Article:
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If you’re looking for a simple guide to inner tubes (with a list of recommended tubes) then you’ve come to the right place.
The sad fact is that inner tube sizing (and tire sizing for that matter) is a dark art.
Over time, different countries and different manufacturers have built up a system that is so complex that probably only 2 or 3 people in the world actually understand it. Whilst I can’t claim to be one of those people, I have attempted to pull together a simple and straightforward guide to show what inner tube I’d recommend for each particular size of tire.
My intention is that you can just click the link, buy the tube, and then forget about the whole sorry mess that is inner tube sizing.
I’ve included a quick guide below to show you how to quickly determine your tire size (and therefore your inner tube size). First, I’ve got the list of tire/tube sizes and my recommended inner tube for each. Below all that I’ve got a little more detail on why tire and tube sizing is so difficult – read this if you dare!
Inner Tube Chart And Recommendations
Here is the list of tire sizes with my recommendation for the inner tube that you need. If your size isn’t listed, drop me a message and I’ll add it.
16" tires: Recommended inner tubes
20" tires: Recommended inner tubes
26" tires: Recommended inner tubes
27.5" tires: Recommended inner tubes
29" tires: Recommended inner tubes
700c tires: Recommended inner tubes
700c x 22 tube
700c x 23 tube
700c x 25 tube
700c x 28 tube
700c x 30 tube
700c x 32 tube
700c x 33 tube
700c x 35 tube
700c x 38 tube
700c x 40 tube
700c x 42 tube
700c x 47 tube
How to determine your tire and tube size
Thankfully, for most modern bikes, this is usually a quick and easy process.
Stand next to your bicycle and crouch right down next to one of the wheels. Take a close look at the sidewall of the tire – this is the strip of rubber which is adjacent to the metal wheel rim and is the part of the tire that doesn’t come into contact with the ground as you cycle. On some bikes, such as beach cruisers, this will be a different color to the rubber that has the knobbly grips on it.
If you look at the rubber surface closely, you’ll see that there are numbers and probably words set into the surface. There might be a tire brand (such as ‘Kenda’) and there should also be a code for the bike tire size.
The tire code might look something like one (or more) of the following:
- 700 x 23c (this is the metric sizing)
- 26 x 1 ¾ (this is the imperial sizing)
- 50-559 (this is the ISO or ETRTO sizing)
Confused? Yes, you should be. Don’t worry though, I’ll keep this really simple. Just take the code that you see, check it against the chart above, and buy the corresponding tube.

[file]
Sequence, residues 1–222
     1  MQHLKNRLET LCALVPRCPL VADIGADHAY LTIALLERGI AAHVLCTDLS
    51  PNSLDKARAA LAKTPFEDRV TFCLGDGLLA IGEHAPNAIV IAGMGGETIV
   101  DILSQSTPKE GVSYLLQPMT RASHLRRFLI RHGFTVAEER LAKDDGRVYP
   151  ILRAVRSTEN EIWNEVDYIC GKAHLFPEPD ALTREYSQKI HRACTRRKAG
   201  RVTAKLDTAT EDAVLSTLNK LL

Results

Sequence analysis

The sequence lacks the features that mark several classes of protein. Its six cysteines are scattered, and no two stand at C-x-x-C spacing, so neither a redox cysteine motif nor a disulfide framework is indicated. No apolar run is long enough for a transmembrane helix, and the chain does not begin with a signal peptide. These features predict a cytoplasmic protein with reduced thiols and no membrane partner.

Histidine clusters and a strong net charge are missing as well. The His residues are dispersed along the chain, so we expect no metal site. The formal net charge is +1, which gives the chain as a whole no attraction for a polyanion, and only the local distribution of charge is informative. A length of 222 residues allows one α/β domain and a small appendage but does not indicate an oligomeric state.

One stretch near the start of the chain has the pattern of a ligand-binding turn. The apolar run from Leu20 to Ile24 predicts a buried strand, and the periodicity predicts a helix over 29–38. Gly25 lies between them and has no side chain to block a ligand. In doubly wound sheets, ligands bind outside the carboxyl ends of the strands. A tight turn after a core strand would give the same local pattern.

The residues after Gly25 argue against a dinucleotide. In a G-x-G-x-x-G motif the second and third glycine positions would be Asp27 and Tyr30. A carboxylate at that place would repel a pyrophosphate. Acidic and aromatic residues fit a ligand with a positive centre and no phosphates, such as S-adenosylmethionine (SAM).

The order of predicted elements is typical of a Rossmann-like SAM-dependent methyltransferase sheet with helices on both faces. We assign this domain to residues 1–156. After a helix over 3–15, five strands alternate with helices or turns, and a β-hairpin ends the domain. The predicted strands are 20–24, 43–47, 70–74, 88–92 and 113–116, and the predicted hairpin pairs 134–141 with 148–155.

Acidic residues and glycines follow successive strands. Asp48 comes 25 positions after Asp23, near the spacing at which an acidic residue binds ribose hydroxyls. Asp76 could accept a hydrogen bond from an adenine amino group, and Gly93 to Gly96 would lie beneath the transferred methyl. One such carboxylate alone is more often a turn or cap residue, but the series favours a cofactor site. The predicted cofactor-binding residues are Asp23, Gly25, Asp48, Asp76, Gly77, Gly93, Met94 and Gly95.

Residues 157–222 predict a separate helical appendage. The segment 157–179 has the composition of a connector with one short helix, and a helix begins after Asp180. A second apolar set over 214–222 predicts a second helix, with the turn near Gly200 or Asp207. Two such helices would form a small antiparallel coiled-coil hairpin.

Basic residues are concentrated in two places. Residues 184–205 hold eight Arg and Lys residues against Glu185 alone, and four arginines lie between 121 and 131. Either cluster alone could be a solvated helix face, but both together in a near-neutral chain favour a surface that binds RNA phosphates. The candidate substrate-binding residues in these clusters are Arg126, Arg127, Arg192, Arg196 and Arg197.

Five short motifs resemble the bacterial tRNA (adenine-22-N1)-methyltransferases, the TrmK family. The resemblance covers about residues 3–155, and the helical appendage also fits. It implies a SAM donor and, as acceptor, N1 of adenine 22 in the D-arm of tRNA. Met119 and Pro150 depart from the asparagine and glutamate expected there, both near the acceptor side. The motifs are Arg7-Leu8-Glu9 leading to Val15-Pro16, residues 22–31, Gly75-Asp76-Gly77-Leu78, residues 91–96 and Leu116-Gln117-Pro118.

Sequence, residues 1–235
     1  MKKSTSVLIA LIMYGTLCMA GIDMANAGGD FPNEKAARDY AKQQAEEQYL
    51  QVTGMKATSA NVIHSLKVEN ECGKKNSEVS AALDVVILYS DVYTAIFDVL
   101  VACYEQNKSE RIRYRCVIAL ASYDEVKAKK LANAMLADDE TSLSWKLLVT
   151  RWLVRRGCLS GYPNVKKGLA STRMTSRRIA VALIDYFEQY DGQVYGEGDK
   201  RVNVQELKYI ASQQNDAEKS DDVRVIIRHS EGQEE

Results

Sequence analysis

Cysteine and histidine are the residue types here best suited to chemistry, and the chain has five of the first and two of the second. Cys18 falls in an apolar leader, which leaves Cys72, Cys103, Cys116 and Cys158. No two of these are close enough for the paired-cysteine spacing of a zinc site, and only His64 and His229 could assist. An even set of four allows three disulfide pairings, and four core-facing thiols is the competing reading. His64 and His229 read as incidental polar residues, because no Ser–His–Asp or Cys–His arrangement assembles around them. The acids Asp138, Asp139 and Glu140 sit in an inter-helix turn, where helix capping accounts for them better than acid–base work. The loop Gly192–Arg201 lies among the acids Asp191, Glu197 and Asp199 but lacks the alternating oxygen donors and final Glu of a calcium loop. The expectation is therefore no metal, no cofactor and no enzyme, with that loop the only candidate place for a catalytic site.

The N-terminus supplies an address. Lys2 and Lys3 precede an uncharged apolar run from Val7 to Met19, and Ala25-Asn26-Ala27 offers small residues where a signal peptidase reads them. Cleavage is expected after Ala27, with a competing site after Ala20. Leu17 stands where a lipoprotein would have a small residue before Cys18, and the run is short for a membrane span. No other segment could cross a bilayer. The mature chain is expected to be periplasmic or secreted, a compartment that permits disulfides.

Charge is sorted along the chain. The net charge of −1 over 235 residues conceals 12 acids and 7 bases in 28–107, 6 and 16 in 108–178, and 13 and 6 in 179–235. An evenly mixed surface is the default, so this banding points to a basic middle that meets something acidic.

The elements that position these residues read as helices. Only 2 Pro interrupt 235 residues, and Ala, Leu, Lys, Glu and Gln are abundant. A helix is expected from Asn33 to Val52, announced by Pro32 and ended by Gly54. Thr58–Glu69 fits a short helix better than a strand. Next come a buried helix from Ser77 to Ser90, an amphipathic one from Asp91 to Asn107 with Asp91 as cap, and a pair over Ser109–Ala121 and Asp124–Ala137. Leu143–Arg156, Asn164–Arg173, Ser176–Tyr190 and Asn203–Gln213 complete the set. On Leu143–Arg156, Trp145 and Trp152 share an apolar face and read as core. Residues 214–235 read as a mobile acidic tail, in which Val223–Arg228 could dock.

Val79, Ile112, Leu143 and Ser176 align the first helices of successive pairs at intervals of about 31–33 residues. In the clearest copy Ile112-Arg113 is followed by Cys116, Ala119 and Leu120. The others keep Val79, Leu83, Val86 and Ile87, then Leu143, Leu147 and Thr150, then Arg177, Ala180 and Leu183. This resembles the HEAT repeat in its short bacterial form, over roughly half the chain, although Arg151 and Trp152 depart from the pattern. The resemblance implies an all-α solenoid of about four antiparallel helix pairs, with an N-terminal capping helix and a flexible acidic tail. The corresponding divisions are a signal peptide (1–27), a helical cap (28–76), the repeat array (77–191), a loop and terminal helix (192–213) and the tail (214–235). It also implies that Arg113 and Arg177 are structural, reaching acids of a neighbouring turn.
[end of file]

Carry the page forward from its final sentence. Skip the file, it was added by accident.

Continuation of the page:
I’ve got some more details about what the various numbers mean in a moment but, if you feel your eyes glazing over already, then there’s no need to read it! Just look up your tire number on the chart and you’re away.
Why is tire and tube sizing so difficult?
The problem is that, historically, there hasn’t been a universal system for tire and tube sizing (even though the ISO/ETRTO system made a valiant attempt to do this, it hasn’t really been taken up across the board). Because there’s been no universal system, lots of countries and manufacturers have created their own system. Most of which are quite different to each other. So we have a metric system using millimeters (which has tire sizing such as “700x23c”) or the imperial system.
Even under the imperial system though things aren’t entirely consistent. For example, you get tires which are listed as “26 x 1 ¾” and tires which are listed as “26 x 1.75”. Bizarrely, these tires are probably not the same size…
Having said all that, a quick explanation as to what the numbers mean is (hopefully) useful.
The first number (such as 700 or 26) is the nominal diameter of the tire, in millimeters or inches respectively.
The second number (such as 23 or 1 ¾ or 1.75) is the tire width, in millimeters or inches or inches.
Sometimes you’ll also see a letter (as in “700x23c”) this “c” was part of the old French system for categorizing tire widths. I have no idea why tire manufactures still show this as it has no relevance whatsoever to modern tires.
When you’re choosing inner tubes it’s useful to know that you have a little leeway in terms of sizing. That’s because, like a kid’s party balloon, the width of the tube varies according to the amount of air you blow into them. As a result, you’ll see tubes listed with a fixed tire diameter and a range of widths. An example would be “700×18-23” which would be a tube that can be used for tires from 700x18c up to 700x23c
It’s also worth taking a quick look at inner tube valves. These are the bit of metal that you fit the pump nozzle to in order to inflate them. Car tires, and many bike tubes, will have a valve known as a Schrader. Bike tubes with a Schrader valve can be inflated with a car tire pump – just be aware that the pressures can be quite different.
Some tubes have a different type of valve, known as a Presta. These are thinner and longer than Schrader valves. If you have a tube with one of these valves, and a pump that is designed for Schrader valves, then you’ll need to buy a little adaptor to pump your tubes up.
With this, you’ll be able to connect your pump nozzle up to both Presta and Schrader valve types. Take a look at the Amazon pictures and you’ll see how easy they are to fit on and use.
Help! I’ve got a blown tube! What do I do?
First up, don’t panic. With the right equipment and a little know-how, you’ll soon see that tires and tubes are easy to fit and should only take 45mins or so.
The five-step process to fixing a flat tube is:
- Undo and take off the wheel
- Remove the tire and tube
- Find what caused the problem
- Either fix the tube puncture or change it for a new tube
- Re-fit the wheel
For a simple guide showing how to do this, take a look at this video.